Friday, 23 September 2011

Britain is no longer a country for an old German called Henry Metelmann, peace campaigner and one time devotee of Adolph Hitler

Henry Metelmann, soldier, railway worker, groundsman, writer and peace activist, has died at the age of 88.

Henry was an intelligent and interesting man who served in a German Army Panzer Tank Division between 1939 and '45, witnessed the 'Battle of Stalingrad', the shock of defeat and the long retreat out of Soviet Russia and across eastern Europe had opened his eyes to the reality of Nazism and led him on a lifelong journey of atonement.

What you possibly didn't know about Henry, that :

* he was born in a working-class part of Hamburg in North Germany, where his father was a railway worker and staunch socialist and his mother was highly religious.

* in the 1930's, at the age of 10, he became a member of the 'Hitler Youth' with a 'uniform with a brown shirt and a shiny leather belt' and later recalled that it 'was smashing' along with the glamour of the banners, fanfares and promises of glory.

* was seduced by the lure of Hitler and later said : 'I thought he was a second God. I wanted to believe it because I wanted to belong to something that was powerful, which was understandable when you are 12, 13, 14.' and in the process caused immense sorrow to his father, who died in 1940.

* aged 18 in 1941, was drafted into the 22nd Panzer division and as a tank driver, advanced across Soviet Russia, narrowly avoided being captured along with the rest of the German Sixth Army in 1942, spent the next two years in retreat and then surrendered to the Americans in 1945.

* was sent to the USA as a prisoner of war then to Britain in 1946, where he worked on farms until he was released in 1948, returned to Germany to find his mother and most of his family was dead and became increasingly alienated by his fellow Germans' reluctance to talk about their culpability in the rise of Hitler.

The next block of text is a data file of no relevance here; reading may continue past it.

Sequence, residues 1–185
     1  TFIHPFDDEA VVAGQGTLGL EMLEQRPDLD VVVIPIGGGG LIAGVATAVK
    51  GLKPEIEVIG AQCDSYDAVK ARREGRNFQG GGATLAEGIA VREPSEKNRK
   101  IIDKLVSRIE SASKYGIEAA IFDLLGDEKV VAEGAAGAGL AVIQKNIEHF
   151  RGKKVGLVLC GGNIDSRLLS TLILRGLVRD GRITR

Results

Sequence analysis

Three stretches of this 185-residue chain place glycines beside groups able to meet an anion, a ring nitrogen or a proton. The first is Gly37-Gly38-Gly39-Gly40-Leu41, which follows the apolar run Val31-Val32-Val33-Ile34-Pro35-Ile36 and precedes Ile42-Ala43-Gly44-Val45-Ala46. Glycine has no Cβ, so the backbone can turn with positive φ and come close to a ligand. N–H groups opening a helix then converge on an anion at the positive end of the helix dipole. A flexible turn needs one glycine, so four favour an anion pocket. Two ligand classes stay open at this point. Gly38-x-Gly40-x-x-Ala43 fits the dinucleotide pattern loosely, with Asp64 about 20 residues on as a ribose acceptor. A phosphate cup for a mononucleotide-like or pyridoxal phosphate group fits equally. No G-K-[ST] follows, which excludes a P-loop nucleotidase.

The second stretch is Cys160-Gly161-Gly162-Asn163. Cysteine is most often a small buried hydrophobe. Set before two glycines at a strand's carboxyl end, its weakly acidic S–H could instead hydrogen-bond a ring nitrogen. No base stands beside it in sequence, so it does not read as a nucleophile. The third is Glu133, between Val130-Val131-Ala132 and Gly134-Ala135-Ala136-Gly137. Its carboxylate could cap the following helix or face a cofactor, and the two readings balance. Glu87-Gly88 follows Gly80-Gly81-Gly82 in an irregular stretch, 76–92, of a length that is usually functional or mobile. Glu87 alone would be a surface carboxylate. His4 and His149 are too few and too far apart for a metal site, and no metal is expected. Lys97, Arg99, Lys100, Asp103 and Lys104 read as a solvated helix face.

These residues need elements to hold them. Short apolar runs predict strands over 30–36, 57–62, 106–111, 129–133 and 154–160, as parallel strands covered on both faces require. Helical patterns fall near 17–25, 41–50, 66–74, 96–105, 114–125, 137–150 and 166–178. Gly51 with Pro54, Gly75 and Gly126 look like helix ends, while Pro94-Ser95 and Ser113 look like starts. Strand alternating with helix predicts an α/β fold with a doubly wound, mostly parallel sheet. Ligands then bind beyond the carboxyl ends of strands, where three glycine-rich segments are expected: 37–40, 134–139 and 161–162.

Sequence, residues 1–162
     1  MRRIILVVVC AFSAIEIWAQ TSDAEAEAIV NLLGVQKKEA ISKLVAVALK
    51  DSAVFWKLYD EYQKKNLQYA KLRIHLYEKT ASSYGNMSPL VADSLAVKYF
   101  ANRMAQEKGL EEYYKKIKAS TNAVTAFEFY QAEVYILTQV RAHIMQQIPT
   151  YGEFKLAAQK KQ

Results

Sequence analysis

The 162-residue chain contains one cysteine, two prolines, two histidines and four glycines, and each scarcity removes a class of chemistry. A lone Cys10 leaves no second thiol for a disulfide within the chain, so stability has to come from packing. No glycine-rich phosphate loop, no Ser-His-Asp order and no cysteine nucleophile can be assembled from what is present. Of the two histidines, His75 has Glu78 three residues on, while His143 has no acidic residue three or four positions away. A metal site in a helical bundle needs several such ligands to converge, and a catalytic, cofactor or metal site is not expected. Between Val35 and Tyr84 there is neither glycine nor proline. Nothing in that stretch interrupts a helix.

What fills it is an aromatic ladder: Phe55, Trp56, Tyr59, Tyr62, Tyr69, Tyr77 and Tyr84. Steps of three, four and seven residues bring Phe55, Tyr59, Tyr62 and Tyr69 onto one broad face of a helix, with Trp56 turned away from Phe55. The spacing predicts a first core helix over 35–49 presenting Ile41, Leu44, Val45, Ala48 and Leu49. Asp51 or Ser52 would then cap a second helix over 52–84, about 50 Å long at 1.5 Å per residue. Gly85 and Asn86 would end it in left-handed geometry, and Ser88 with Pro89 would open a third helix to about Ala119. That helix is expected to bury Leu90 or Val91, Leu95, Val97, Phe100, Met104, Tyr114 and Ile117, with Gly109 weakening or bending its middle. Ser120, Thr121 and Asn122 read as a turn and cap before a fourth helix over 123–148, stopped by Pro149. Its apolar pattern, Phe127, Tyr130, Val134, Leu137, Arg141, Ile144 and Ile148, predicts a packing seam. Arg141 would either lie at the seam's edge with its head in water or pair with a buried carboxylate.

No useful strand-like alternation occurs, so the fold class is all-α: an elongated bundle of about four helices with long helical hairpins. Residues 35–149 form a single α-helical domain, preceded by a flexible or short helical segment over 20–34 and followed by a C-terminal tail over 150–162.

* returned to Britain and worked as a railway porter and a signalman and in 1952, married Monika, a Swiss 'au pair' he met while working on a Hampshire farm and later worked as a groundsman at Charterhouse school.

* encouraged by his children, wrote 'Through Hell for Hitler' in 1990, and recounting an episode he was ordered him to drive his tank over an injured Russian said : 'I had to run over the injured man and kill him. I became a murderer' and also described how peasants' houses were burned down in the middle of winter, when temperatures dropped to minus 40C.

* had his first doubts about Nazi ideology when he fell in love with a Russian girl and said : 'Nothing happened, it was just puppy love, but I admired Anna and she could argue with me. I realised the Russians were fine people. This was the first dent in my feeling of racial superiority.'

* found his book and a second, 'A Hitler Youth' in 1997, him national attention and an interview in the 'Guardian' in 2001 :

and a BBC 'Timewatch' drama documentary in 2003 :

* wrote in 'Through Hell for Hitler' : 'The feeling of guilt for what in a collective way I have done to others, especially the people of Russia, lies very heavily on me. Coming to the evening of my life now, I sometimes wonder what it has been, a drama, a tragedy, a crime or a comedy. I cannot be quite sure. I have regrets for the suffering I have caused others, but no complaints about what others have done to me.'

Henry said : 'There is so much unreason. Korea, Suez, Yugoslavia, Afghanistan, Iraq: I am disappointed that people have learnt nothing from the horror of the catastrophe of the Second World War.'

A very old Henry, not so long ago, visiting a Wimbledon signal box on an outing from his 'Woking Home Residential Care with a Railway Heritage' :

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